In intensively treated AML patients, pretreatment prognostic factors are usually separated into two groups: AML-related genetic factors governing the risk of AML resistance or recurrence and patient-related factors governing the risk of treatment-associated toxicity and mortality. The former are much better standardized than the latter. As summarized in the recently updated recommendations of the European LeukemiaNet panel,1  cytogenetics and molecular genetics allow classification of AML cases into the three categories: favorable, intermediate, and adverse risk (Table 1). Among the adverse-risk subset, particularly worrisome are AML with a monosomal karyotype, TP53 gene mutation, and abnormalities involving the MECOM (EVI1) gene. Importantly, the better outcome associated with entities considered as favorable per European LeukemiaNet criteria (Table 1) has been validated in older patients treated intensively and translates into higher cure rates.5,14,15  More recently, the complexity and prognostic significance of individual gene mutation patterns as revealed by next generation sequencing has been specifically explored in older patients. Early studies confirmed the favorable impact of NPM1 mutations. However, the presence of FLT3 internal tandem duplication and TP53 mutations was associated with shorter OS. Interestingly, some driver gene mutations, such as DNA-methyltransferase 3A (DNMT3A), TET2, SRSF2, and ASXL1, may be detected in seemingly healthy patients before overt AML development.16,17  Such preexisting, MDS-like18  clonal hematopoiesis is more frequent in older patients, and the persistence of preleukemic clones during CR seems to represent a poor prognostic factor associated with higher relapse incidence in these patients.19  A mutation signature mostly including spliceosome and cohesion genes has been proposed to define secondary AML. Although this signature does not impart poor prognosis compared with de novo AML,20  additional work is required to determine whether these molecularly defined secondary AML patients benefit from epigenetic therapy. In a sense, these novel observations enlarge the field of AML secondary to a prior MDS, a setting reported as being of poor prognosis for years. Finally, a so-called leukemic stem cell gene expression signature, which is more frequently observed in AML with an adverse karyotype but can also be seen in the intermediate-risk subset, has been recently shown to be associated with poor outcomes.21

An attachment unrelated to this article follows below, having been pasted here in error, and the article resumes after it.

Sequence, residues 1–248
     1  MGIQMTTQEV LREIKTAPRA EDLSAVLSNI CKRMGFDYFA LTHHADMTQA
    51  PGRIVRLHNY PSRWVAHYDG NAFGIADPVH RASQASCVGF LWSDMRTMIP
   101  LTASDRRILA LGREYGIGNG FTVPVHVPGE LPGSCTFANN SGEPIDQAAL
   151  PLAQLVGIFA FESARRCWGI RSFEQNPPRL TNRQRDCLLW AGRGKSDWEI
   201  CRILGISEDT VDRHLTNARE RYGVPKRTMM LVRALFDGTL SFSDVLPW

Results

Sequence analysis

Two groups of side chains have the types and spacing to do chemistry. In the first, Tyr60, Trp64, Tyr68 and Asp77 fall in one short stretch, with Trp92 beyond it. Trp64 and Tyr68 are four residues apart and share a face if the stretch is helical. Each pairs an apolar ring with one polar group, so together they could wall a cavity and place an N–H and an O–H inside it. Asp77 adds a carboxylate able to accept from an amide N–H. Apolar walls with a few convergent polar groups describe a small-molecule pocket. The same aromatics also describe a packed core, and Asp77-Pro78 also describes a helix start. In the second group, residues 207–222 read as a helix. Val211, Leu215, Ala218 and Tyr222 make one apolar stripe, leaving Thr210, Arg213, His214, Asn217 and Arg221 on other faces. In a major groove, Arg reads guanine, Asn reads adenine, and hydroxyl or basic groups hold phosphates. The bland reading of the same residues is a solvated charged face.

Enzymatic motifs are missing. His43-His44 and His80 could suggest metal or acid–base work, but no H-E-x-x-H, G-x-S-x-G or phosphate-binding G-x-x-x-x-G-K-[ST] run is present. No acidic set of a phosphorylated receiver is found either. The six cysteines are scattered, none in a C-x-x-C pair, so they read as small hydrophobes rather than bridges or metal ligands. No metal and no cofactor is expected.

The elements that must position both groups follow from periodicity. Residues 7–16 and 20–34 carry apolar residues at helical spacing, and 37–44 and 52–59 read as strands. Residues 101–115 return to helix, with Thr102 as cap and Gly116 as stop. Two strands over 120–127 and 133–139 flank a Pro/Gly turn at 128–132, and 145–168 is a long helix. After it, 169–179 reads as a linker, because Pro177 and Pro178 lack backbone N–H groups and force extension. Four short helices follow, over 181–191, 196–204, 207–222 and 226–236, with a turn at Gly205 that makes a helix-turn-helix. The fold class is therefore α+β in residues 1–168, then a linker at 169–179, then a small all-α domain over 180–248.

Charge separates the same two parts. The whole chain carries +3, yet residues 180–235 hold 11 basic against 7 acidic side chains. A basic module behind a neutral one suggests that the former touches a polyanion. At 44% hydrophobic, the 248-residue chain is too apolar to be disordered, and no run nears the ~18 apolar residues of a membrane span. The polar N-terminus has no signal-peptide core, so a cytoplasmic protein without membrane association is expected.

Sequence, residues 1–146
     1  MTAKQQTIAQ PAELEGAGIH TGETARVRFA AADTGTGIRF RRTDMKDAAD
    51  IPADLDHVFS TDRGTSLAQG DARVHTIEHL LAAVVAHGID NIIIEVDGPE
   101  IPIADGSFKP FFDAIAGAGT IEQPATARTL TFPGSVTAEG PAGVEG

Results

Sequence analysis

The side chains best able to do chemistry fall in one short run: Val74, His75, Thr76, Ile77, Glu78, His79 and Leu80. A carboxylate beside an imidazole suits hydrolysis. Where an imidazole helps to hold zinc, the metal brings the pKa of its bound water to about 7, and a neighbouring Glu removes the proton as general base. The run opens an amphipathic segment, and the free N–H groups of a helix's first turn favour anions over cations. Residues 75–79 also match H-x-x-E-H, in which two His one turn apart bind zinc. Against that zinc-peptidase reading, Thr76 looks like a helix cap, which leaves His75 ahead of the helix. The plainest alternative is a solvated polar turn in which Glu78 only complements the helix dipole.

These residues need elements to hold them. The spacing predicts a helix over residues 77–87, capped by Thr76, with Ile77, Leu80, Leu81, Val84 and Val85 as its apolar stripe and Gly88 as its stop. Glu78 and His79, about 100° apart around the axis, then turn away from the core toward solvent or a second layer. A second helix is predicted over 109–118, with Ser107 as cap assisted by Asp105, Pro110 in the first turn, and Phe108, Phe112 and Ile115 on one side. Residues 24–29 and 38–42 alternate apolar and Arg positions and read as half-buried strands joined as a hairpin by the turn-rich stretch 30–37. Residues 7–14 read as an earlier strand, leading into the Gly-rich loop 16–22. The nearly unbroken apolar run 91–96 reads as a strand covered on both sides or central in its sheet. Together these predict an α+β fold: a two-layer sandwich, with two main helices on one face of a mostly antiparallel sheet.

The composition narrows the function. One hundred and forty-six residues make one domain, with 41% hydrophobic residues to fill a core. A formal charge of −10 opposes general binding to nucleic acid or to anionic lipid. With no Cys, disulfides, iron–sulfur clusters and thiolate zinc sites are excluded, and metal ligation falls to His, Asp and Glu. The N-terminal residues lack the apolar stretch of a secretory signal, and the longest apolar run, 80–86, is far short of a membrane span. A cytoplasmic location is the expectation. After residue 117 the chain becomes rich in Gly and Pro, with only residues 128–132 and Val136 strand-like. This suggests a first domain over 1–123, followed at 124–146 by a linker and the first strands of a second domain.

Table 1.

European LeukemiaNet risk stratification by genetics

Risk category Genetic abnormality 
Favorable t(8,21)(q22,q22.1), RUNX1-RUNX1T1 
Favorable inv(16)(p13.1q22) or t(16,16)(p13.1,q22), CBFB-MYH11 
Favorable Mutated NPM1 without FLT3-ITD or with FLT3-ITDlow* 
Favorable Biallelic mutated CEBPA 
Intermediate Mutated NPM1 and FLT3-ITDhigh* 
Intermediate Wild-type NPM1 without FLT3-ITD or with FLT3-ITDlow* (without adverse-risk genetic lesions) 
Intermediate t(9,11)(p21.3,q23.3), MLLT3-KMT2A 
Intermediate Cytogenetic abnormalities not classified as favorable or adverse 
Adverse t(6,9)(p23,q34.1), DEK-NUP214 
Adverse t(v,11q23.3), KMT2A rearranged 
Adverse t(9,22)(q34.1,q11.2), BCR-ABL1 
Adverse inv(3)(q21.3q26.2) or t(3,3)(q21.3,q26.2), GATA2, MECOM(EVI1) 
Adverse −5 or del(5q), −7, −17/abn(17p) 
Adverse Complex karyotype, monosomal karyotype§ 
Adverse Wild-type NPM1 and FLT3-ITDhigh(a) 
Adverse Mutated RUNX1 
Adverse Mutated ASXL1 
Adverse Mutated TP53 
Risk category Genetic abnormality 
Favorable t(8,21)(q22,q22.1), RUNX1-RUNX1T1 
Favorable inv(16)(p13.1q22) or t(16,16)(p13.1,q22), CBFB-MYH11 
Favorable Mutated NPM1 without FLT3-ITD or with FLT3-ITDlow* 
Favorable Biallelic mutated CEBPA 
Intermediate Mutated NPM1 and FLT3-ITDhigh* 
Intermediate Wild-type NPM1 without FLT3-ITD or with FLT3-ITDlow* (without adverse-risk genetic lesions) 
Intermediate t(9,11)(p21.3,q23.3), MLLT3-KMT2A 
Intermediate Cytogenetic abnormalities not classified as favorable or adverse 
Adverse t(6,9)(p23,q34.1), DEK-NUP214 
Adverse t(v,11q23.3), KMT2A rearranged 
Adverse t(9,22)(q34.1,q11.2), BCR-ABL1 
Adverse inv(3)(q21.3q26.2) or t(3,3)(q21.3,q26.2), GATA2, MECOM(EVI1) 
Adverse −5 or del(5q), −7, −17/abn(17p) 
Adverse Complex karyotype, monosomal karyotype§ 
Adverse Wild-type NPM1 and FLT3-ITDhigh(a)